Tolkien and Lewis wield most of this posthumous influence. That The Lord of the Rings was voted “Book of the Century” in a massive 1997 poll conducted by Waterstones, a British bookseller, may be dismissed as a transient phenomenon; but if we consider its sales figures (estimates of worldwide sales run from one hundred and fifty to two hundred million), it’s clear that Tolkien has a secure place in the pantheon of popular culture. Far more important, though, The Lord of the Rings and the vast mythology that surrounds and pervades it possess an intrinsic grandeur, breadth, and profound originality—it is simply the case that nothing like this has ever been done before—that make them, we believe, landmarks in the history of English literature. To be sure, fan fiction, derivative fantasy novels, and sword-and-sorcery illustrations inspired by Tolkien can be artless at best; but no unprejudiced critic can deny the bracing effect of Tolkien’s rich mythopoeic imagination upon generations of readers and writers disillusioned with modernist themes and techniques, and longing for reenchantment.
Lewis has made a comparable mark. Arguably the bestselling Christian writer since John Bunyan, he is also credited with the conversion or reversion to the faith of a considerable number of twenty-first-century intellectuals and the consolation and instruction of millions more. Yet none of this would have been possible had Lewis not shared with Tolkien the sense of mission and the narrative skill to reclaim traditional storytelling values, not only through fantasy fiction but also through scholarly recovery of the literary past. These achievements have earned Lewis—to the catcalls of some, overwhelmed by the applause of many—a permanent memorial stone in Westminster Abbey’s Poets’ Corner, close by the remains of Chaucer, Spenser, Addison, and Dryden.
An Oxford Fantasia
Everyone knows this about the Inklings: that they expressed their longing for tradition and reenchantment through the literature of fantasy. The Inklings’ penchant for the fantastic is quintessentially English; folktale, fairy-tale, and fantasy motifs permeate English literature from Beowulf through The Faerie Queen and The Tempest, to the poetry of Byron, Shelley, and Coleridge. In the middle of the nineteenth century, this national love for the fantastic gave rise to the modern fantasy novel. Immediately Oxford moved into the foreground, as John Ruskin, in his neo-Grimm fable The King of the Golden River (1841, written at Leamington Spa while he was an Oxford undergraduate), and Lewis Carroll, in Alice’s Adventures in Wonderland (1864, the quintessential Oxford classic), laid the groundwork for a genre brought to early perfection by the Scotsman George MacDonald, their mutual friend, in his three children’s classics (At the Back of the North Wind , The Princess and the Goblin , and The Princess and Curdie  and his two fantasies (Phantastes  and Lilith ). MacDonald suffused almost all his works—which also include sermons, poems, literary criticism, translations, and more than two dozen verbose and sentimental novels—with a gentle Christian sensibility that would lead Lewis to call him “my master.” A few years later, William Morris, Edward Burne-Jones (both Oxford alumni), and other members of the Pre-Raphaelite Brotherhood produced novels, poetry, and paintings with fantastic themes, bathed with a lovely, romantic, nonmedieval light that would deeply influence the artistic maturation of both Lewis and Tolkien.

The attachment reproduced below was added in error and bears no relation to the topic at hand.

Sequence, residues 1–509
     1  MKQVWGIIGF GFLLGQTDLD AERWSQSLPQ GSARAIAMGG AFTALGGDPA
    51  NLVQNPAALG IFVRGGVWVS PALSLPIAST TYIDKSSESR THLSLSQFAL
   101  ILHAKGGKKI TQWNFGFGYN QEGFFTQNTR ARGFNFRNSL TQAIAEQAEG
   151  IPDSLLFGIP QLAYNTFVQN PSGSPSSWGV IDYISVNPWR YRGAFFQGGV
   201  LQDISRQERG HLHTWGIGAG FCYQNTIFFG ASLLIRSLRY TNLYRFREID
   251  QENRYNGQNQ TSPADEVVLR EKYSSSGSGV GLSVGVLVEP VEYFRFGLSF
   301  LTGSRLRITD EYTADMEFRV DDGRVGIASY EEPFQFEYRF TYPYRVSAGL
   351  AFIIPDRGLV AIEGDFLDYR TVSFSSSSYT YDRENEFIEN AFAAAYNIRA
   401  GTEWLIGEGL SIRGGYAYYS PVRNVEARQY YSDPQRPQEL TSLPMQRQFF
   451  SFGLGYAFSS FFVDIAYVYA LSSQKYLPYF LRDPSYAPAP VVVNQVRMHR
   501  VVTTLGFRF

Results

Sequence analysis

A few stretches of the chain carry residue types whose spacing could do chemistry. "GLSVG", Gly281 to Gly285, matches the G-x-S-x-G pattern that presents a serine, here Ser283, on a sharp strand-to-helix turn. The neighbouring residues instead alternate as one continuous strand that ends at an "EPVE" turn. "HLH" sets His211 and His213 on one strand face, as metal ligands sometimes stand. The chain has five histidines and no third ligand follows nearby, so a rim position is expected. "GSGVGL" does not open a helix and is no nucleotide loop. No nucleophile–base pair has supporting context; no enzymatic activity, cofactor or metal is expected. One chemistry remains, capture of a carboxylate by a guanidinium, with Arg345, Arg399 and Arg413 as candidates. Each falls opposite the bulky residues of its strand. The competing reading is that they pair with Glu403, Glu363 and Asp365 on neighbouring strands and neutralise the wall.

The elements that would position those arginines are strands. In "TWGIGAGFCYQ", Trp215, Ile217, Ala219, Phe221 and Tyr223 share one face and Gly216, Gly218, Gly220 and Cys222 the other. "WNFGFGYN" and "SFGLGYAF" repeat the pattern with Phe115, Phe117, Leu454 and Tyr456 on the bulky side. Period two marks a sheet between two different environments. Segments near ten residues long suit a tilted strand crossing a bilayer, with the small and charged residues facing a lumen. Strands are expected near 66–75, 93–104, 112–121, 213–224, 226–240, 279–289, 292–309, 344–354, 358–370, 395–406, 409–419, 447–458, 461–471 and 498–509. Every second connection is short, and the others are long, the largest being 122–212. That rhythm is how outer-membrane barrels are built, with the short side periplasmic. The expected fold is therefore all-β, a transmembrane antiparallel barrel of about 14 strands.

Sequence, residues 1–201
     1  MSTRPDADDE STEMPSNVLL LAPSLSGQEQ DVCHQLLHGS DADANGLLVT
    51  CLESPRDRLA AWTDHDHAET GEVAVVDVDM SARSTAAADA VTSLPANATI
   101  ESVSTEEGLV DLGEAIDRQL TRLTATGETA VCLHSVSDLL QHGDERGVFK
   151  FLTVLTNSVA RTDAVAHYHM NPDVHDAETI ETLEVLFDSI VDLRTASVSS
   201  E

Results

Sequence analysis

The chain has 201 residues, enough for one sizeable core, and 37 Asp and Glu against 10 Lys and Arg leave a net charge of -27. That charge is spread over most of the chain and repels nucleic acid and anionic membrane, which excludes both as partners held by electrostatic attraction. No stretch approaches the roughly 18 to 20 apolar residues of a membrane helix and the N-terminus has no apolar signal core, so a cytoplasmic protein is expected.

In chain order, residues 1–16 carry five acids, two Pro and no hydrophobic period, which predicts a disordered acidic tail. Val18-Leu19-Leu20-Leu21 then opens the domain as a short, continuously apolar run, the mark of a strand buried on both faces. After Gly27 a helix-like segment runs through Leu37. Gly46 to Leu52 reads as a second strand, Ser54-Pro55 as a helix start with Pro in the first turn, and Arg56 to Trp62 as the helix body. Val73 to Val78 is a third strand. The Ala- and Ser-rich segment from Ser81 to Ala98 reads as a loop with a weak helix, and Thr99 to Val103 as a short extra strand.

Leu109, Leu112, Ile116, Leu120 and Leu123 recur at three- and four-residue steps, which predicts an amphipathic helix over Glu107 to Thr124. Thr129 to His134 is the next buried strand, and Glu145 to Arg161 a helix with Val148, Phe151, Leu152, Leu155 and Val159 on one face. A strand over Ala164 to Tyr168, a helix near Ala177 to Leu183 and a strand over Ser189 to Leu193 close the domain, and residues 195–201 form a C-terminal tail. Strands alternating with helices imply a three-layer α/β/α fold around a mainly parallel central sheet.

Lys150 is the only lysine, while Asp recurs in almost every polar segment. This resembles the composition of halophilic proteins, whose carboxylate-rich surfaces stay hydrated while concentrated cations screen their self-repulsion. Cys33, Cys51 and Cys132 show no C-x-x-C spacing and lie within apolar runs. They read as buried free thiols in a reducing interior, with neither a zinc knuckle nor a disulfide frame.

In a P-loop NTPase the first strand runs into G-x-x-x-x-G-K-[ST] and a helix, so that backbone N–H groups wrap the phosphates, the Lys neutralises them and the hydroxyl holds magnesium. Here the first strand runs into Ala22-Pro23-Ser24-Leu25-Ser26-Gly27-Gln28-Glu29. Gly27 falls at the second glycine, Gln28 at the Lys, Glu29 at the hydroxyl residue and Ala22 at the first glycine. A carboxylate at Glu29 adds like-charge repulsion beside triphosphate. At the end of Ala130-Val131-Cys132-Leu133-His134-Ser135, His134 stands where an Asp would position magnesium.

Fantasy, then, was in Oxford’s blood, and it is no wonder that the major Inklings experimented in so many fantastic subgenres (myth, science fiction, fable, epic fantasy, children’s fantasy, supernatural thriller, and more). They chose to be fantasists for a variety of reasons—or, rather, fantasy seemed to choose them, each one falling in love with the genre in youth (Lewis in Ireland, Tolkien in Birmingham, Williams and Barfield in London) many years before coming to Oxford. Their passion arose, in part, from the sheer excitement of the genre, the intoxication of entering the unknown and feeling the everyday. For all of the leading Inklings, however, the rapture of the unknown pointed also to something more profound; it was a numinous event, an intimation of a different, higher, purer world or state of being. Fantasy literature was, for the Inklings, a pathway to this higher world and a way of describing, through myth and symbol, its felt presence. Fantasy became the voice of faith. And it made for a crackling good story.
Excerpted from The Fellowship: The Literary Lives of the Inklings: J.R.R. Tolkien, C. S. Lewis, Owen Barfield, Charles Williams by Philip Zaleski and Carol Zaleski, published June 2015 by Farrar, Straus and Giroux, LLC. Copyright ©2015 by Philip Zaleski and Carol Zaleski. All rights reserved.
Carol Zaleski is a professor of world religions at Smith College and is the author (and coauthor with her husband, Philip Zaleski, profiled below) of several books including Otherworld Journeys and Prayer: A History.
Philip Zaleski is editor of the Best Spiritual Writing and Best American Spiritual Writing book series, and is the author (and coauthor with his wife, Carol Zaleski, profiled above) of several books including The Recollected Heart and The Book of Heaven.